I did however manage to buttonhole the camera guy and we discussed the camera, the images and my technique.

He had a good look at everything and had a few things to say about it.

Firstly, there’s nothing wrong with my technique except that with it being a lightweight camera, I’m pressing too hard on the switch and making the camera shake at the crucial moment.

Secondly, the images come out the same on his laptop so it’s not a fault of my laptop,

As for the quality of the images, that’s as good it can be. So the fault lies in the camera itself. Not that it’s a bad camera, but simply that it’s not designed to do what I want to do with it and I’m pushing it to the limit of its technical capabilities and even beyond.

It was then lunchtime so I nipped off and had a salad. And to be quite honest I spent more time talking than eating. The yoga assistant is a big fan of 70s rock music so I’ve invited her to come and listen to some of the stuff that I have on my laptop.

It sure beats etchings, doesn’t it?

On a totally different tack, does anyone still remember our trip to Red Bay in Labrador
and the Bernier?

There’s a girl on board ship – one of the staff – called Bernier so I asked her what she knew about the ship. Nothing whatever, she told me, but she did know that there was a very famous Canadian sea captain called Bernier and one of the pages on the Canadian passport depicts him.

Another member of staff told me that Bernier (the captain, not the ship) worked in the High Arctic and it was he who actually claimed Bylot Island – which we will be passing – for Canada in 1906 and he had his crew carve something emblematic on a cliff face.

I’m writing this now because everyone else is outside looking at a bird colony. But as regular readers of this rubbish will recall, the only birds in which I have any interest won’t be found clinging to a rock in the High Arctic.

And this is a fine time for the battery in the camera to start to go flat, and we’re off out in an hour or so. I’ve had to bung it on charge and of course, it’s now that we’re starting to sail through the ice. Good job that I have the phone handy, although what the quality might be like is anyone’s guess.

But it actually worked out, because the sea was so rough at this point that the water in the heated pool was going everywhere except where it was supposed to go, and I was able to take a few videos of it.

The phone didn’t last too long though. There was a huge iceberg away in the distance – more like a large sheet of float actually – and the phone camera will never do justice to that, so I’ve had to go down and fetch the Nikon.

They are still trying to do their best to entertain us seeing as everything that is planned is falling apart. And so we had afternoon tea while we played a kind of game where we had to find out bits and pieces about each other. I sort-of took part in it in a half-hearted way because I’m not really in to being sociable as regular readers of this rubbish will recall.

There’s a National Park at Tay Bay on Bylot Island which is on our route and it’s been decided that we will go for an evening ramble around there.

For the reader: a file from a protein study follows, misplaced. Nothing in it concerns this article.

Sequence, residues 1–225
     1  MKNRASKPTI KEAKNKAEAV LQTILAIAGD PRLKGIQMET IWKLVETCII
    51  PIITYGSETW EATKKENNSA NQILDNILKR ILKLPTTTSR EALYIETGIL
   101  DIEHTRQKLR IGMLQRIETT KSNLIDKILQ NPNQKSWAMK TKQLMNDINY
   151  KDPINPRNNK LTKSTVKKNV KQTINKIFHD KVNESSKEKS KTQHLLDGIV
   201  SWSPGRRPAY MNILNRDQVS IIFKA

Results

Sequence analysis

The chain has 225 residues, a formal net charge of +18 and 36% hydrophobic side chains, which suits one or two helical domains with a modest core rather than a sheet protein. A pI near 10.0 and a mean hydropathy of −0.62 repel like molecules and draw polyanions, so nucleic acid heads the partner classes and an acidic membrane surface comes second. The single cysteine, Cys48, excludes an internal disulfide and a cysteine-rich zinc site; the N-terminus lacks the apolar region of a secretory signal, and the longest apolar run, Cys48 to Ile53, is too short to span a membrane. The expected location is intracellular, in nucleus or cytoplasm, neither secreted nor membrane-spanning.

We needed a briefing from Parks Canada (done vitually) before we could go and, much to my surprise, we were first to leave the boat. I had to get a wiggle on to get changed into my winter gear, and then there was an almighty panic as I couldn’t find my badge.

Nevertheless I did manage to find it and we struggled ashore onto our beach where the perimeter of our walk was guarded by Polar Bear watchers.

Strawberry Moose enjoyed his ride in a zodiac and he made many new friends. Plenty of photo opportunities for him too.

Introducing new species onto an island here is definitely not allowed and there are no moose here. But I shall be wondering what scientists will be thinking when in 1000 years time they are analysing polar bears with antlers or moose in white coats with claws and teeth.

And for me. I had a good walk around to kill the time, which the cynic inside me tells me is the reason for this stop. There were some exciting views of all kinds of things – nothing that I found really interesting though.

There’s a tent ring on the shore but that’s believed to be contemporary and not historical.

As an aside, anything over 50 years old is classed as historical and so that includes a great many of the passengers on board the ship. Me especially. I’m feeling like 150 years old right now with the weight of the world resting on my shoulders.

And there were several icebergs of some beauty. I even saw the sun, such as it was, disappear down behind the mountains and that was fairly spectacular too.

But I do have to say that, much as I enjoyed the pleasant walk, I’ve come here to do much more than this and it’s leaving me somewhat disappointed.

One thing though really stuck in my mind. There’s a young Inuit boy – probably aged about 20 but then again what would I know – on board the ship and I’ve had many a chat with him. He comes from the area and he was pointing out some of the glaciers to me. he was saying that even in his short life the glaciers have receded dramatically and how he was fearing for his grandchildren.

He told me a story about how, even today, he will come over for a large lump of glacier to take home to melt down as water. This ice fell as rain thousands of years ago when there was no pollution in the air and so is as fresh and pure as anything that you might find. It makes the tea taste magnificent, so he said.